This is the second installment in the Project Nemesis series. A high tech but easy to understand story about a group of (64) teens who are part of a wider experiment.
First off, I know I usually moan about the recap, and I often skim it, but I really did need something just to remind me what happened in book one. I couldn’t remember who liked who, and who was doing what and how they got there. It came flooding back with a few subtle hints in the first part of the book, but this is an occasion where I’d suggest read a spoiler review of Nemesis to remind yourself of the state of play.
We’re back with Min Wilder, her bff Tack, the boy who shot her Noah, then the power team Ethan and Sarah, among others who are stuck in a virtual reality version of their town. They are just lines of data, in phase two of the project. Every time they die they regenerate randomly at a new location. The big questions are how do they get to stage three, how many times can you regenerate, and what impact does shooting other people have on you.
I found myself thankful that they had to keep reminding themselves that they were only lines of code, because I kept forgetting, the simulated town is so real to them it makes it real to the reader, making you forget that what they feel is real to them but not really real, not outside the programme.
When I stepped away from the book, out of the digital world created for Min and her friends I realised something. This book is really topical. Not just because we are destroying the planet, and it’s the only one we have, or not because Artificial intelligence really amazing, and revolutionary, but because the story focusses on a group of high school kids, many of whom are who are running around their simulated world shooting each other, without a care or thought for what they are doing. Even when they realise you might not have unlimited lives, it doesn’t stop. This is really the part of the story that’s almost secondary although it’s the main course of action. Teenagers with guns are committing murder, suicide and occasionally voluntary murder. Yes they’re not ‘real’ they exist only in the computer programme, making it feel less real, less of an issue; but its there. I really like the book, and I would recommend it to anyone who asked ( or didn’t) but I think it’ll be interesting to see how its received by the wider audience, or if it received the option to be made into a tv show. Im all for that by the way! With the current media focus on 13 reasons why it makes me think, are we moving (backwards?) into an era where stories like this will be championed for being different, daring and brilliant, or will they be relegated to the banned books pile?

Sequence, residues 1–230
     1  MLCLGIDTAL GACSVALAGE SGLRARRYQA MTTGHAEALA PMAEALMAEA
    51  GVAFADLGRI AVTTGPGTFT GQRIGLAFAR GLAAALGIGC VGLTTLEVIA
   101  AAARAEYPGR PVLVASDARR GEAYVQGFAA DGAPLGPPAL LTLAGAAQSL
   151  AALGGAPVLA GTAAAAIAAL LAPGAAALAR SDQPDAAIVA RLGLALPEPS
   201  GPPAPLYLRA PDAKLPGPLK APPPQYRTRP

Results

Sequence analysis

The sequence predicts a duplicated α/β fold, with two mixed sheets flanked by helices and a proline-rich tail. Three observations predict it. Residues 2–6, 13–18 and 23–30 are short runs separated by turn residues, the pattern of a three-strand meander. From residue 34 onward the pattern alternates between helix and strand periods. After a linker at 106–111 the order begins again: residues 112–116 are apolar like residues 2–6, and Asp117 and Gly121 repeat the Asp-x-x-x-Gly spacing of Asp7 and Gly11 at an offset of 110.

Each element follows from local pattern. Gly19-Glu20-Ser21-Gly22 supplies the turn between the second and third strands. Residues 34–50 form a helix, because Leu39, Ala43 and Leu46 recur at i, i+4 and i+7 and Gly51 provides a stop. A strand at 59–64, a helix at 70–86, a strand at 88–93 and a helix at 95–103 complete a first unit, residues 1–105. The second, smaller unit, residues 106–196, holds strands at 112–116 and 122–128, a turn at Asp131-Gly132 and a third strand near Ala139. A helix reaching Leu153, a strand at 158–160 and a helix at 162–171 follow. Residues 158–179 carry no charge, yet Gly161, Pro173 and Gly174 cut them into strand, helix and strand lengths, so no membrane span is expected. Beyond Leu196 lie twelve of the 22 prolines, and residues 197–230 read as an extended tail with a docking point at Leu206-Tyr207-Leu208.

Caution, the below contains spoilers because otherwise this
post would be limited to the above only. Its an engrossing tale that you get wrapped up in and because of that I find myself enthusiastically recounting the story, without the ability to remove the spoiler info without taking out all of the words! I did try, really I did. If you don’t want me to ruin the book for you, go and buy it now, and don’t read any more of this!
Min and Tuck stick to what they know, the trailer park. Although Min has elevated status as a Beta in the programme she’s not using it to her advantage like the other 3 Betas. She wants peace not domination. Yet they know there has to be the right amount of them to process to stage three, just not what that amount is. With Noah now an enemy is there anyone Min can trust except Tack? Together they try to reach the Silo to find answers, but when Min gets killed and regenerates she gets captured straight away. There’s only one way to get out of prison. Die again. There’s now the added risk though, The kids have learned that you only have 5 lives, and when you kill you get bonus lives, and power. Is this something they can use to their advantage?
Noah’s not feeling as gung ho about domination as he did, scarred by the memory of shooting Min in phase one, when he comes across her again they form an untrusting alliance. When they meet up with Tack in the Silo the truce doesn’t get any easier, but they’re privy to so much information about the project they don’t realise they’re being attacked. Mins on her last life, so Tack takes one for the team and she has a little spare, Noah goes on the attack and Min is locked in the Silo, with Ethan and Sarah’s team trying to reach her.
Mins a little frustrating because she has so much information available to her but she’s not using it. Sarah takes full advantage and finally Min falls into her trap, but its not the secure trap Sarah imagined.
Whilst war is raging between the teams outside Min find herself once again with the guardian, learning more about the programme, and herself. Sarah is in full control of everything. The environment, animals and people’s lives. While she sits in the safety of the silo she’s making the game more interesting, and probably watched the hunger games one too many times. The Guardian is no longer in control and doesn’t seem bothered by that either. The race is on to survive, win and move on.
I did find myself wishing there was narrative from Sarah, she’s playing an calm, pragmatic evil villain role, and we can’t quite work out her real motives. This is also the problem, if we had a Sarah narrative it would probably spoil the outcome of the story.
Im not going to talk about the end, as I still don’t know how I feel about it. We had revelations throughout the book, which played a part in the final chapters, but I feel disappointed because there was so much potential for a phase three book, where they try to save their classmates while they rebuild society but I feel like Reichs took this option off the table. Did I love this book, Yes, 100%, and I think I just feel disappointed that there won’t be a third. Please someone tell me I’m wrong about that!